DEJAH THORIS VOL. 3, #5, available from Dynamite on June 10th, confronts Dejah and her crew with giant cave spiders and crawling brain bugs on her hunt to find Kurz Kurtos. Written by Dan Abnett and drawn by Vasco Georgiev, this issue boasts plenty of action, strong art, and a solid introduction to a new character.
Lucio Parrillo’s cover art immediately elevates the quality of any book. Dejah Thoris’ pose is both sensual and deadly. And despite the impossible design of her iconic outfit, Parrillo’s realism style gives the concept of “gravity defying” a whole new sense of believability.
Dan Abnett’s story has a lot going on with one main plot and two sub plots, but the issue doesn’t feel rushed or complicated. Dejah and her crew battle an army of cave spiders when they encounter an unexpected ally that has a telepathic bug for a head. It sounds weird. It is weird. And yet, it blends right in with the world Abnett has constructed.
Abnett’s writing is strongest when projecting a sense of urgency. Every character is either running away from something or running towards something; constantly confronting danger. That urgency keeps the pacing high and the tension tight, making this issue a fast read.
If there’s one area the writing doesn’t quite work, it’s in the dialog. Llana’s speaking style is so contemporary American that it doesn’t match her Martian warrior persona, and Morokh’s words read as determined or impassioned speeches in direct contradiction to his emotion-less character. The latter could be a result of the lettering, but the end result is a break in the story where it’s not intended.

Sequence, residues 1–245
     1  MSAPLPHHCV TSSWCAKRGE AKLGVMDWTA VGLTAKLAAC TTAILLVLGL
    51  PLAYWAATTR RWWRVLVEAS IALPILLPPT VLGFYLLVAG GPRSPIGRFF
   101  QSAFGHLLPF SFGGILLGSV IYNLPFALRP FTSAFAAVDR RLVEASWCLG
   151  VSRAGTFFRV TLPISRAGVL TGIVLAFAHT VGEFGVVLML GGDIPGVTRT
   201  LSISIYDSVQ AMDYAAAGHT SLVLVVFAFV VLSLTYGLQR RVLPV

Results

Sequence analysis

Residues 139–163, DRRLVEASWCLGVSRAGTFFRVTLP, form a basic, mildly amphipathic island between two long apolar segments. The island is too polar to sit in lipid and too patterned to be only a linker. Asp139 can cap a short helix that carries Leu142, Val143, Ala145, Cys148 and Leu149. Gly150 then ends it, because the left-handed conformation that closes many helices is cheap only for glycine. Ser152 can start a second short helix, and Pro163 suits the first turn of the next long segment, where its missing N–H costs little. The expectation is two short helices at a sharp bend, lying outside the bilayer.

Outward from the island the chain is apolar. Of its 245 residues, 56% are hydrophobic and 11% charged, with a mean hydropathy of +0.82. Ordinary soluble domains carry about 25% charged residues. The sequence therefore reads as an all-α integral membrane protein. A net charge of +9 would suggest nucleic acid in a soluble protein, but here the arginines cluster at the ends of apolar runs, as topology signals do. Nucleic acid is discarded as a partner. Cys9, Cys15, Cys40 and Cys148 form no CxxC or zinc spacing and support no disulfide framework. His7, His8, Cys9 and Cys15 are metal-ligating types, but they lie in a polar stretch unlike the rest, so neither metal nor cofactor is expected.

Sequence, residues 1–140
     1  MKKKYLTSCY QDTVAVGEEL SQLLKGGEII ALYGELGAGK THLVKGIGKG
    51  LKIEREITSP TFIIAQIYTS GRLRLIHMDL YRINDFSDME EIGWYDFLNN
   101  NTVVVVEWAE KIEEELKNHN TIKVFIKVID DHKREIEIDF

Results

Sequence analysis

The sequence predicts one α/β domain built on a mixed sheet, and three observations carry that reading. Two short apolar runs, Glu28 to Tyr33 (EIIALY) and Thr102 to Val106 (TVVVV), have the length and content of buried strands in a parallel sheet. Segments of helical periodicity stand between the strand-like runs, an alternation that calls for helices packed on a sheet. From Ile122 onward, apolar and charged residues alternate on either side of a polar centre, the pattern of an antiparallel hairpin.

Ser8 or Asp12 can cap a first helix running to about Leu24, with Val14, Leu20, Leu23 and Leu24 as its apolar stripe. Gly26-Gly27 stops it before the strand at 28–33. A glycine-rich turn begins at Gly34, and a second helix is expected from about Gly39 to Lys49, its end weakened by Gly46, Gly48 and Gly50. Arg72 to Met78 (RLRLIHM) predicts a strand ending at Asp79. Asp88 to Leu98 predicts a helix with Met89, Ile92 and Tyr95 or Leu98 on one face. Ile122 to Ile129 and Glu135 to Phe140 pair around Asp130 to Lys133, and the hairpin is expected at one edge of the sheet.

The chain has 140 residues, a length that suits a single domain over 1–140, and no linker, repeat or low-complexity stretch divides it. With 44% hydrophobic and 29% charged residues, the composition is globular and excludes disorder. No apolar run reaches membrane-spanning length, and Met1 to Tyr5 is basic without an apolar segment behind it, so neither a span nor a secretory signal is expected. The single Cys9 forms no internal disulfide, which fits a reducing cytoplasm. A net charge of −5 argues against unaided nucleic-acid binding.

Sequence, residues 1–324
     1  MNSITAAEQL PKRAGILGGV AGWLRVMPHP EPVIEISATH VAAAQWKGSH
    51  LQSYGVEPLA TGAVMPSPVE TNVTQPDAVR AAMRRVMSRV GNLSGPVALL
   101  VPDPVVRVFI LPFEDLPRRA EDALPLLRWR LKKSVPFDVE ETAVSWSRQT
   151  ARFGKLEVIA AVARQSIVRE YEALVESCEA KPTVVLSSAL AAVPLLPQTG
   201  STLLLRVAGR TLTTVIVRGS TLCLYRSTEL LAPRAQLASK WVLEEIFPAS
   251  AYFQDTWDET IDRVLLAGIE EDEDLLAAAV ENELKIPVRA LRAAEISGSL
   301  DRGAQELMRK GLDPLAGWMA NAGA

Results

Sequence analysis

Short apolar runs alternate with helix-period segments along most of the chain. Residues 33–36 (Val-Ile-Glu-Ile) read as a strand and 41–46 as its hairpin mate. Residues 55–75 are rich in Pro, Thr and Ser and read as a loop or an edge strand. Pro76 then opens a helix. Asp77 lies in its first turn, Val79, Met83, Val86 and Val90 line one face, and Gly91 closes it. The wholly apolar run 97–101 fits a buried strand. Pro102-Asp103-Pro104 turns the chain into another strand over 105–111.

Vasco Georgiev’s art is excellent. It’s an even-handed mix of detail that’s pulp without looking cartoonish. Georgiev showcases the art well by intermixing a wide array of camera angles for each panel to keep the scenes moving when characters are sitting/standing around and simply talking. This issue is a great example of taking static scenes and giving them movement with an unexpected perspective.
Favorite Page/Panel: For the favorite, I’ll point to a collection of panels that span pages 10 and 11. Let’s call it the “mounting” scene. Morokh’s brain crawls along its synth body and mounts itself to address Dejah’s group. It’s creepy, a bit gross, and well executed.
Dearbhla Kelly’s coloring is remarkable for imagining what hues look like on an assortment of characters in a dark cave lit by pink (yes, pink) flame. Kelly adjusted skin tones, armor reflections and hair shine to match the ambient hue of pink flame. It must have taken a great deal of trial and error to match the flame colors with the lighting and surroundings without crating an ugly contrast.
Simon Bowland’s lettering is as imaginative as Kelly’s coloring, in the sense that there’s no precedent for what kind of balloon to use when a bug brain is speaking telepathically. Bowland devised the right combination of bubble border color – again, matching the pink flame – and line style to help the reader suspend disbelief. The interesting use of colors really elevates Bowland’s lettering.
DEJAH THORIS #5 has dynamic art, urgent and tense story pacing, and imaginative visuals. Strongly recommend you get this issue…unless you’re deathly afraid of spiders.
Author’s Note: Local Comic Shops (LCS) are going through a tough time right now with the pandemic outbreak of COVID-19. Comics fans of every flavor that care about his or her LCS should try to do what they can. So, here’s my part:
If you’re in Northern Delaware, South East Pennsylvania, or Southern New Jersey area, please take a moment to visit Captain Blue Hen Comics in Newark, DE. Say ‘hi,’ pick up a book, order a book (they’re on Comichub.com), and let them know you support them.
If you’re nowhere near that area, please find YOUR LCS using Comic Shop Locator and lend your support.
Thanks, and stay safe.